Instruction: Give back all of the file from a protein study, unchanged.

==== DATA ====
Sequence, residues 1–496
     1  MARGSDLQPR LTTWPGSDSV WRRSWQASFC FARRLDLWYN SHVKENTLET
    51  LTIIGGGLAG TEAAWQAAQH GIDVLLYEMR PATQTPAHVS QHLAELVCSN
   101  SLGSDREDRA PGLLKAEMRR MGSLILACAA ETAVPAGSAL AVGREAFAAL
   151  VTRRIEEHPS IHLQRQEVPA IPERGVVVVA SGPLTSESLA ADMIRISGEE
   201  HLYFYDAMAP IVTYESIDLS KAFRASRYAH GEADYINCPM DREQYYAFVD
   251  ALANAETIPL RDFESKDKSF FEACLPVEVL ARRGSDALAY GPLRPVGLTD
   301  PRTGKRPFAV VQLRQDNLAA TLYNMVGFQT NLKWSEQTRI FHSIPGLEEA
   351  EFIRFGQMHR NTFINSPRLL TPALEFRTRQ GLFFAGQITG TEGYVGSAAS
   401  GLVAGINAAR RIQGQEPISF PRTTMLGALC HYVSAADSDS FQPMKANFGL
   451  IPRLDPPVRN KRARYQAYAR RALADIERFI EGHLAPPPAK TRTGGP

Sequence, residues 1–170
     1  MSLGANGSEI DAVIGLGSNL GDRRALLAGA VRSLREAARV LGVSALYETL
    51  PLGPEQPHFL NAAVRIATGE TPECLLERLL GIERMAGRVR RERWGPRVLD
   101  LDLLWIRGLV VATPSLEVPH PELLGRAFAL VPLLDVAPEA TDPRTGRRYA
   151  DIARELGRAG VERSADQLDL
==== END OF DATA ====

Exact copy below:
Sequence, residues 1–496
     1  MARGSDLQPR LTTWPGSDSV WRRSWQASFC FARRLDLWYN SHVKENTLET
    51  LTIIGGGLAG TEAAWQAAQH GIDVLLYEMR PATQTPAHVS QHLAELVCSN
   101  SLGSDREDRA PGLLKAEMRR MGSLILACAA ETAVPAGSAL AVGREAFAAL
   151  VTRRIEEHPS IHLQRQEVPA IPERGVVVVA SGPLTSESLA ADMIRISGEE
   201  HLYFYDAMAP IVTYESIDLS KAFRASRYAH GEADYINCPM DREQYYAFVD
   251  ALANAETIPL RDFESKDKSF FEACLPVEVL ARRGSDALAY GPLRPVGLTD
   301  PRTGKRPFAV VQLRQDNLAA TLYNMVGFQT NLKWSEQTRI FHSIPGLEEA
   351  EFIRFGQMHR NTFINSPRLL TPALEFRTRQ GLFFAGQITG TEGYVGSAAS
   401  GLVAGINAAR RIQGQEPISF PRTTMLGALC HYVSAADSDS FQPMKANFGL
   451  IPRLDPPVRN KRARYQAYAR RALADIERFI EGHLAPPPAK TRTGGP

Sequence, residues 1–170
     1  MSLGANGSEI DAVIGLGSNL GDRRALLAGA VRSLREAARV LGVSALYETL
    51  PLGPEQPHFL NAAVRIATGE TPECLLERLL GIERMAGRVR RERWGPRVLD
   101  LDLLWIRGLV VATPSLEVPH PELLGRAFAL VPLLDVAPEA TDPRTGRRYA
   151  DIARELGRAG VERSADQLDL